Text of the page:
I’m not blaming Prescott for the loss against Cleveland, but we need him to have a better idea of when to take risks, and early in these games is not the appropriate time. The Browns defense didn’t take advantage of them, but against the top teams, hitting the defenders in the hands with errant passes will not end well for Dallas.

Zeke’s focus thus far

This has to be addressed as well. Unlike Prescott, who is still waiting on his contract, Elliott has already been paid like a focal point of this offense, and he has to play like it. I’m not talking about his lack of impact in the running game.

Anyone can understand that when you fall behind, the clock starts working against you, and throwing it is the only way to get back into the game. Still, Elliott can’t be the reason we are falling behind. The fumbles against Atlanta helped take the ball out of his hands in the run game.

The dropped passes against Seattle did the same thing. The fumble against the Browns was another example. If Prescott were consistently throwing interceptions early in games, he’d get the same criticism, and above, I’m criticizing him for throws that weren’t ultimately picked off.

The difference between Elliott and Prescott is that Elliott’s ability to run the ball can keep our defense off the field, and his mistakes are directly contributing to him not getting carries. That can’t happen with our defense.

Even when our defense gets better, we can’t have our highly-paid running back making those kinds of errors. We are paying him like one of the best in the league, which means he can’t make mistakes, especially ones that take the ball out of his hands in the second half.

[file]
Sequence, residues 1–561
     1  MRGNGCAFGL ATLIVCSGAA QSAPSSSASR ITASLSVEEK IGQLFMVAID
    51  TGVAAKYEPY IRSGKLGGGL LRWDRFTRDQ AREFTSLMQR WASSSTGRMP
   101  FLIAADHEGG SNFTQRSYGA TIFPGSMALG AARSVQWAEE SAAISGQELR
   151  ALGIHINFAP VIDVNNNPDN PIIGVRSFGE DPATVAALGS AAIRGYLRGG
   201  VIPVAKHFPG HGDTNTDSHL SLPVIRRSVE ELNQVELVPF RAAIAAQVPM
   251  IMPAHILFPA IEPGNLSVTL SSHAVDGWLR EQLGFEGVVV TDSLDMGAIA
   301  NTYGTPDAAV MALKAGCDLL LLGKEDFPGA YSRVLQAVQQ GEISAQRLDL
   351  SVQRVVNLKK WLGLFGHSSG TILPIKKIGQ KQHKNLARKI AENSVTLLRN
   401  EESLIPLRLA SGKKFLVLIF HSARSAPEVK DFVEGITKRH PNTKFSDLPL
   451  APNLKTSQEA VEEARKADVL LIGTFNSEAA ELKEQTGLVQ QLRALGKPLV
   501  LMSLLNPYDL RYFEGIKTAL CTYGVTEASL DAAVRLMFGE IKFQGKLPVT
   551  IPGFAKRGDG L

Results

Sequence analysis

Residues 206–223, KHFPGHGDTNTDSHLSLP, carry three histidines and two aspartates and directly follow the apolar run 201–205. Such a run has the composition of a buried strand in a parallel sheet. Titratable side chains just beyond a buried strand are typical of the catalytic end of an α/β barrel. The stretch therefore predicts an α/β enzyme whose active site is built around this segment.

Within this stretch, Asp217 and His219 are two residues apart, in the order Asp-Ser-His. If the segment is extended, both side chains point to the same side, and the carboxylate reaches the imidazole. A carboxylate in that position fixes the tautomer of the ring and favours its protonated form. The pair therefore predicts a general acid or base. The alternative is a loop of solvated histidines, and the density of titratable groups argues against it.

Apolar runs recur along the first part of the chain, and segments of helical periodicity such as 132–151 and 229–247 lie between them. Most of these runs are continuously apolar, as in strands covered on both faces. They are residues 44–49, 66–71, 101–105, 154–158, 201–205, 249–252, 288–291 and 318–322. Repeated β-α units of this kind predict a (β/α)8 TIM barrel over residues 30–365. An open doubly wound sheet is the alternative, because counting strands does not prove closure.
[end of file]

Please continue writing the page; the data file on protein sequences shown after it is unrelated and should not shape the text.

What went right:

Receivers again

At this point, what else can I say that I already haven’t. These receivers are playing outstanding, although I’d like an explanation for why Michael Gallup was off the field so much late in the Cleveland game.

Still, even Cedrick Wilson and Noah Brown are consistently making plays when called upon. At this point, it’s not a stretch to say the Cowboys have the best group of receivers in football from top to bottom.

Credit to Brown, who seems to get drilled more often than not when the ball comes his way, and Wilson, who always seems to be open. The scheme may have something to do with it, as well as the big three receivers, but these guys are making the plays themselves at a high rate.

How much worse would this season be without this bunch? If Amari Cooper isn’t resigned and CeeDee Lamb isn’t drafted, we may very well be talking about the possibility of drafting Trevor Lawrence right now.

Yeah, that’s how bad I think we are without this bunch. We would be in the same category as the New York Jets and the New York Giants. I’m looking forward to a game where the receivers are a means to extend leads as opposed to a necessity for getting us back in a contest, but that’s just hasn’t been the case in the first month of the season.

Tyler Biadasz looks like the future at center